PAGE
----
Silvia Steiger

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Silvia Steiger
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Linz, Austria
OccupationVisual artist
Years active1964 - present

Silvia Steiger (born 1940) is a visual artist living and working in Amsterdam, the Netherlands.[1] Originally German, Steiger has held Dutch nationality since June 1989. Steiger is a conceptual multi-media artist. Themes in her work are the interaction between inner and outer space, coincidence and intuition; fear and shelter; trace and shadow; love and desire, consolation and healing. Her approach to these topics is sharp and light at the same time. Her art is to be found in The Netherlands in the Stedelijk Museum Amsterdam, Museum Belvédère, Lisser Art Museum, Rijksmuseum Twenthe and several corporate and private collections in the Netherlands and Germany.


Silvia Steiger was born in Linz, Austria. Her earliest childhood coincided with the Second World War. In 1940 her father worked as a surveyor building the Autobahn in German-occupied Austria. Her pregnant mother followed him to Austria where Steiger was born in Linz at the end of March 1940. During the following years her mother travelled with her all over Germany to keep them save, from occupied Alsace to the Rhineland. Eventually the reunited family found a house in Cologne in 1945, where Steiger grew up. [2]

Her mother encouraged her as an adolescent to take up drawing. In 1957 during her final year of high school, Steiger saw a major exhibition on the life and work of German artist Paula Modersohn-Becker. The exhibition deeply impressed her and motivated her to apply for admission to art school. Her mother however insisted that she first pursued vocational training, so she would be able to earn a living. From 1957 to 1959 Steiger attended the School of Textile Design in Krefeld. Her graduation work won her the annual award from the Federal Association of German Industry. For the next eight years she sold her designs to textile industries in Germany, Belgium, the Netherlands and Austria. With the job and a small scolarship she was able to pay for her own studies at the Painting Department of the Düsseldorf Academy of Art. After six years she obtained her Master's degree (Meisterschülerin) from Professor Ferdinand Macketanz in 1964.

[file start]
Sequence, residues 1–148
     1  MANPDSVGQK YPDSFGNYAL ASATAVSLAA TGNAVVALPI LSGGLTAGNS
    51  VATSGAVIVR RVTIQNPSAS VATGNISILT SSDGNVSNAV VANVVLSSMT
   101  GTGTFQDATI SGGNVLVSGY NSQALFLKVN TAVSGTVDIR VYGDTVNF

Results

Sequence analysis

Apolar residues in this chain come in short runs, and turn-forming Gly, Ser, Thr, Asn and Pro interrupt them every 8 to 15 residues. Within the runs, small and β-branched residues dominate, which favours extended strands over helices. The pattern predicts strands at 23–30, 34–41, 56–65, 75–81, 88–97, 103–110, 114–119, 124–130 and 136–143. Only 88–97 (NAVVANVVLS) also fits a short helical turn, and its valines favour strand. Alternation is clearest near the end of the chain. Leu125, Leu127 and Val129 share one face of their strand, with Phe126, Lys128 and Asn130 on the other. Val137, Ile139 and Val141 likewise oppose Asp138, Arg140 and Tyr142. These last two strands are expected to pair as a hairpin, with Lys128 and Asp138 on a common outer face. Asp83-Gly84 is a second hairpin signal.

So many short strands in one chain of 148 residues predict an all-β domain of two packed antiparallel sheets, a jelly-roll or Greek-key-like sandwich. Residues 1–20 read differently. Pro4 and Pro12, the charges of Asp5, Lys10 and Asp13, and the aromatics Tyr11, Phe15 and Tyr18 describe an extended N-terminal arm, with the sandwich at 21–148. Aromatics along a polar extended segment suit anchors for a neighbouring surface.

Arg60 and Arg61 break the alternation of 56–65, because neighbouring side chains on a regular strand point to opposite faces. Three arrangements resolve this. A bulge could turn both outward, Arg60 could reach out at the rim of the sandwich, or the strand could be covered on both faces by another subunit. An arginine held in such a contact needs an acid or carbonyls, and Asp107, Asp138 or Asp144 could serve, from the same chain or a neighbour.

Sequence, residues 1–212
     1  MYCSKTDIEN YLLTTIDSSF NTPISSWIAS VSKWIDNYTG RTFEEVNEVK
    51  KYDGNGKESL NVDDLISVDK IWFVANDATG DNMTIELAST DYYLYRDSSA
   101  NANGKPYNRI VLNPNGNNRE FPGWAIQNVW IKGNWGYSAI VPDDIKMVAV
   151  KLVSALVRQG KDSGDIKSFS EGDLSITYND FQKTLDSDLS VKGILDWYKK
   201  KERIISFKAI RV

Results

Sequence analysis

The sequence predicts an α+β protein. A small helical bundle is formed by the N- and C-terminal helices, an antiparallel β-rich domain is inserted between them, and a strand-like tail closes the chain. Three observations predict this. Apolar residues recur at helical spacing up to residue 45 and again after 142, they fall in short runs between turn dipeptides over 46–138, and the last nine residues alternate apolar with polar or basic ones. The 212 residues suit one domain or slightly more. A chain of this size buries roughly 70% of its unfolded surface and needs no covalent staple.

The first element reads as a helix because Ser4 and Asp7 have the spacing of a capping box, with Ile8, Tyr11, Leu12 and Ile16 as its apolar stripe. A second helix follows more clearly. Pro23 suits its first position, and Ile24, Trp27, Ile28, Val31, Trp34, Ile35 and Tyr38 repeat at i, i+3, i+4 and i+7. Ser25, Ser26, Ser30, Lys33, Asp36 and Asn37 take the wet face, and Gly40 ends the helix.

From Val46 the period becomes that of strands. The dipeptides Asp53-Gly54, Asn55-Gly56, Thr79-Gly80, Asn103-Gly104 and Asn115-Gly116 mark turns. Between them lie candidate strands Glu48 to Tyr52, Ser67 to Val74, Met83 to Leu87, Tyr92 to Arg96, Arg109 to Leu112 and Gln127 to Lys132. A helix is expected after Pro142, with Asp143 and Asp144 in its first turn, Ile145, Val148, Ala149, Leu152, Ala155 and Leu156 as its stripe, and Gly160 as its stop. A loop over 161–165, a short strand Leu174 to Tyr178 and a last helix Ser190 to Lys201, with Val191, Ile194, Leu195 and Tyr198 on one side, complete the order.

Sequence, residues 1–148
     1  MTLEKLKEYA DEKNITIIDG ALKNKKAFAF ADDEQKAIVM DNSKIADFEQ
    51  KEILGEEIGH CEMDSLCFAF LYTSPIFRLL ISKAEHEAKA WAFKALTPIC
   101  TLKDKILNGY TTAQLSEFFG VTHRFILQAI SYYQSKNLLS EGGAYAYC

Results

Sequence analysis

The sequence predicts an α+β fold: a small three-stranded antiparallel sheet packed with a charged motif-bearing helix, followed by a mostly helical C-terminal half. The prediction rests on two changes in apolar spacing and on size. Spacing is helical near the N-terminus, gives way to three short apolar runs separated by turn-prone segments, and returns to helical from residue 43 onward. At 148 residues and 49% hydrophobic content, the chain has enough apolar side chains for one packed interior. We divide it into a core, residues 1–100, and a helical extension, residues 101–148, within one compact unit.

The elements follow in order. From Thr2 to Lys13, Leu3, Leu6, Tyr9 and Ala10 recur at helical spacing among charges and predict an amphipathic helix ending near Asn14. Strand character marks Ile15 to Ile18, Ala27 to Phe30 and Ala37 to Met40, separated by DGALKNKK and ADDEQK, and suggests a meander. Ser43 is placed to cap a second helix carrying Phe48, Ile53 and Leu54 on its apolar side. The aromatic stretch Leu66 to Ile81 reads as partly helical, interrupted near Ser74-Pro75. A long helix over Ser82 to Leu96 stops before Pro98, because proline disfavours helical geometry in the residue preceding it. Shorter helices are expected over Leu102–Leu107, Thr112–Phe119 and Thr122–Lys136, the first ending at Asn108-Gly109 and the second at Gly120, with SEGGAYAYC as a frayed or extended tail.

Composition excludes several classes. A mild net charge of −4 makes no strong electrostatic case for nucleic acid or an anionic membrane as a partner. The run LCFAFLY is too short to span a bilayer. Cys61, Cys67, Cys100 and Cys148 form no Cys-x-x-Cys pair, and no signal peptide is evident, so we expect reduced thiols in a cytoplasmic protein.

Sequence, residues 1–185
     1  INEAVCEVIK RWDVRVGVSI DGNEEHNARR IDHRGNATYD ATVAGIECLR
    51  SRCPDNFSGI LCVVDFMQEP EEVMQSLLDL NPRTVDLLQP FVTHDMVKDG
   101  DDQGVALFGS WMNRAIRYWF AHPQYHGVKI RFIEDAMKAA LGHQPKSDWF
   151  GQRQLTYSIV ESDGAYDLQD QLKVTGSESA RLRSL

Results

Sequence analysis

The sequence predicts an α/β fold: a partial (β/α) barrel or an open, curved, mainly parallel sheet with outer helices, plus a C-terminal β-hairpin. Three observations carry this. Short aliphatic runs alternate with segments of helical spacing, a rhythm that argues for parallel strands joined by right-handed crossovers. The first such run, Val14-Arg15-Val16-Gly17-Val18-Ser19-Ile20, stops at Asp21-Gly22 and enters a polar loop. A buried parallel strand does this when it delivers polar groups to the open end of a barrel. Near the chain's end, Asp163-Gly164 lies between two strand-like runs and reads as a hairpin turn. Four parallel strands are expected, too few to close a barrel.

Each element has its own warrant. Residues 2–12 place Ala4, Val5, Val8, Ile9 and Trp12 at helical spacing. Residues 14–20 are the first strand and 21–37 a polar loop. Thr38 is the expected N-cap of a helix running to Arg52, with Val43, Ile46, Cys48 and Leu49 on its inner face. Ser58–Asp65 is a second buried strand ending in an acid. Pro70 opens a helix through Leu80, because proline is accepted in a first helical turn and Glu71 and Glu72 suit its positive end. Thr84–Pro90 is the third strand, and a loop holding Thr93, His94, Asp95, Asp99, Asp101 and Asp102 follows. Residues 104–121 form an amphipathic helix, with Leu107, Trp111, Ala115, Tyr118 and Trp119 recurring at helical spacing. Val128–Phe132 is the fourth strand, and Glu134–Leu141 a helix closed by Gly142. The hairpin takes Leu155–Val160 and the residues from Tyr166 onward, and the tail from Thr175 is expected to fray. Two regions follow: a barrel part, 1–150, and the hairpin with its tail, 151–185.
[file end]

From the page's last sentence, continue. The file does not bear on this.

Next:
At the academy, Steiger met her husband, visual artist Fritz Rahmann. Since they couldn't find an affordable home and workspace in Düsseldorf, they decided in 1964 to move to Friesland in the northern part of The Netherlands. They were familiar with the region through a sailing holiday some years before. They got acquainted quickly in the professional art circuit and participated in various exhibitions in galleries and museums in the region. In 1975 Steiger and Rahmann separated but their friendship and mutual professional support continued until his death in 2006.